Lost Beckett, from a dustbin in Paris, comes to the Fringe--dodging the law. Kathryn Walat talks to the Neo-Futurist and Theater Oobleck offenders.
[Editor's Note: This feature originally appeared on TheaterMania.com in August 2000, when The Complete Lost Works of Samuel Beckett... debuted at the New York Fringe Festival. The show recently reopened at the Present Company Theatorium, where it will play until February 3.]
The complete title of the Neo-Futurists and Theater Oobleck's Fringe show is: The Complete Lost Works of Samuel Beckett as Found in an Envelope (partially burned) in a Dustbin in Paris Labeled "Never to be performed. Never. Ever. EVER! Or I'll Sue! I'LL SUE FROM THE GRAVE!!!" Got that?
"This is my fourth year at the Fringe," says Danny Thompson, a founding member of Theater Oobleck, from a pay phone at a Sunoco station someplace in between New York and Vermont, where The Complete Lost Works... recently completed a sold-out run. "You've really got to have something catchy right off the bat. Most people don't even look at every title. This title really catches attention."
And these veterans of the New York International Fringe Festival and the Chicago experimental theater circuit know what they're talking about. The Neo-Futurists' Kafka-inspired K. won writer/director Greg Allen the Directing Award in the 1997 Fringe, and Urinetown! (the Musical) (by another Neo-Futurist) packed in daring audiences last year. Already The Complete Lost Works... is generating buzz, from Beckett fans familiar with the detailed directives of his scripts and from those attracted--or distracted--by the show's lengthy title. Confused intrigue seems to be the show's strategy for success on the Fringe.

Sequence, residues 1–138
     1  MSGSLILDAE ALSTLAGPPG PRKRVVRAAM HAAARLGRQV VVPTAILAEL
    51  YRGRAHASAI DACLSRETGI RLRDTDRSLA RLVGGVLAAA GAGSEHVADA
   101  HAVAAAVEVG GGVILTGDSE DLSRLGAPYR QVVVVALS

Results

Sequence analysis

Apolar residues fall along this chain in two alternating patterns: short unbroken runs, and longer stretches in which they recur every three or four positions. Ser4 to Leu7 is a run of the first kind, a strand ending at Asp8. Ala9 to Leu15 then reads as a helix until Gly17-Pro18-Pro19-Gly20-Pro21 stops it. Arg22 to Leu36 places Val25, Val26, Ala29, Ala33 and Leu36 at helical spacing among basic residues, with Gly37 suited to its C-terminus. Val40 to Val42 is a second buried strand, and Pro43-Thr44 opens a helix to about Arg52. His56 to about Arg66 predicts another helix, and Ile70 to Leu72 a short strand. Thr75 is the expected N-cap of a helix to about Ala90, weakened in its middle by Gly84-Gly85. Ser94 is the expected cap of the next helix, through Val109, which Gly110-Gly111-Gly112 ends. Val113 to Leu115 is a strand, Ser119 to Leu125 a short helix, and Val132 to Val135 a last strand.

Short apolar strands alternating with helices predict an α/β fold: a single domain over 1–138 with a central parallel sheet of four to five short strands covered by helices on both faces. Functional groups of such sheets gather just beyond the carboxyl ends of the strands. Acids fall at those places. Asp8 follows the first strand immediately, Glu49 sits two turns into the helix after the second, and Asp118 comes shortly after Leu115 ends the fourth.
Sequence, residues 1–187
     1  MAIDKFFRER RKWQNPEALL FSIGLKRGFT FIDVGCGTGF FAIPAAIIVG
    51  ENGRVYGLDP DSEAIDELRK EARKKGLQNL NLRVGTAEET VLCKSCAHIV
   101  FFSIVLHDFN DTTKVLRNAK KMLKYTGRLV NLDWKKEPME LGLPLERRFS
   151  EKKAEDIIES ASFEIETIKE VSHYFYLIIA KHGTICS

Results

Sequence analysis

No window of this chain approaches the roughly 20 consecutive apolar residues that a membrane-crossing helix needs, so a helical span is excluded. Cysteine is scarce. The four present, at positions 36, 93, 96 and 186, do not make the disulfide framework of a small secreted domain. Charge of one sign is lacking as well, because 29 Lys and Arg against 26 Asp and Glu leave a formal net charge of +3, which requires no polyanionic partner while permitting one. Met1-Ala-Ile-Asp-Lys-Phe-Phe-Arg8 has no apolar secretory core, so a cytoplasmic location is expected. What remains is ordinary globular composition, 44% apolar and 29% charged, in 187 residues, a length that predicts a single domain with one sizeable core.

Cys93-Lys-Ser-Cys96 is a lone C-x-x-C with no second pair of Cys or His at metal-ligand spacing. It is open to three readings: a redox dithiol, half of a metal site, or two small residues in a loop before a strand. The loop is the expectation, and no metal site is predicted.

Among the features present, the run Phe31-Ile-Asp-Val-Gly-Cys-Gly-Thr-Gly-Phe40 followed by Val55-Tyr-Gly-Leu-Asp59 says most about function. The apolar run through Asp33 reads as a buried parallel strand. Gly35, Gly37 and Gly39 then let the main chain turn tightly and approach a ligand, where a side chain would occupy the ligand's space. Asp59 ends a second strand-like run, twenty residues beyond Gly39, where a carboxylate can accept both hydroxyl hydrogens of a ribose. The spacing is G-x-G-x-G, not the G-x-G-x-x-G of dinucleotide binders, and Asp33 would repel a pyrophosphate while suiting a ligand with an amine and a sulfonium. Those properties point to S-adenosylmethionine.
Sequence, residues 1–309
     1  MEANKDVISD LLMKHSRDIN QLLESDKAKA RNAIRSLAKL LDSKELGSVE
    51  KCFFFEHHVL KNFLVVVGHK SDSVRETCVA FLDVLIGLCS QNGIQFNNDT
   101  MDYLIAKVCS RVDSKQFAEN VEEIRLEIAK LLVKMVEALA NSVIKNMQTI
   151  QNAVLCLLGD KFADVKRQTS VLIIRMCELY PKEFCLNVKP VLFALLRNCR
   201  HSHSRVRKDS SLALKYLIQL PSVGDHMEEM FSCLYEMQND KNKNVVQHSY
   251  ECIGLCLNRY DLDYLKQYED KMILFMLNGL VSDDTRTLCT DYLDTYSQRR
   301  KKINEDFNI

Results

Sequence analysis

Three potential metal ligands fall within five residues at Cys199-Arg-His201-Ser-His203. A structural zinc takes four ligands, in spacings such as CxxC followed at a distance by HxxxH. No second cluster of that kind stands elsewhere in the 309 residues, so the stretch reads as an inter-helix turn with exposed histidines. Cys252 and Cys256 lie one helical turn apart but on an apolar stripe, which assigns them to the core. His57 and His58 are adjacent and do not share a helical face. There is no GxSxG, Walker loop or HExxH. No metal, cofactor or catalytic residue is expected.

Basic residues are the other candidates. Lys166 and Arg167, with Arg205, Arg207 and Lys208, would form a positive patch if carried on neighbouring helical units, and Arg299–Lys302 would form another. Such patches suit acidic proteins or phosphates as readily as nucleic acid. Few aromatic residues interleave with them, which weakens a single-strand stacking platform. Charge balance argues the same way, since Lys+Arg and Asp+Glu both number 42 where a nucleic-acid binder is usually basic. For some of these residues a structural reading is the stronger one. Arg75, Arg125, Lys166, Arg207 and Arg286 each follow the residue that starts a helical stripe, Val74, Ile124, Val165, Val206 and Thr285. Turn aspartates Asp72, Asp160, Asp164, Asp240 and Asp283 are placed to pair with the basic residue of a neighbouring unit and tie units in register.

"We follow Mr. Beckett's directives as explicitly as possible," explains Greg Allen, a Neo-Futurists founding member, over the phone from their home base in Chicago. "The three of us--Danny Thompson, Ben Schneider, and myself--really execute the entire evening... Ben Schneider is the principle Beckett performer throughout the piece, and Danny and I kind of act as the emcees. Danny also performs Happy Happy Bunny Visits Sad Sad Owl, which is the first known dramatic Beckett work--written at age seven--and is presented in its original puppet staging.
"And so, Danny performs that with the puppets, previously known as 'his things.' He has these little stuffed animals and various, ah, I don't know, characters? Not really characters..." Friends? "Yes, there you go. Danny and his friends execute Happy Happy Bunny Visits Sad Sad Owl. And I perform the monologue 'Not Me'. And then Ben is slated with performing all of the other pieces, although he does not speak. He has one line--one word, which is repeated." Which word is that? "More." And where did you really find these plays? "In Paris. In a dustbin."
Schneider corroborates. "It's presenting these plays that we found, which we think are Beckett's lost words. That's our story, and we're sticking to it," he insists. "It's a combination of [being] reverent and taking the piss out of him."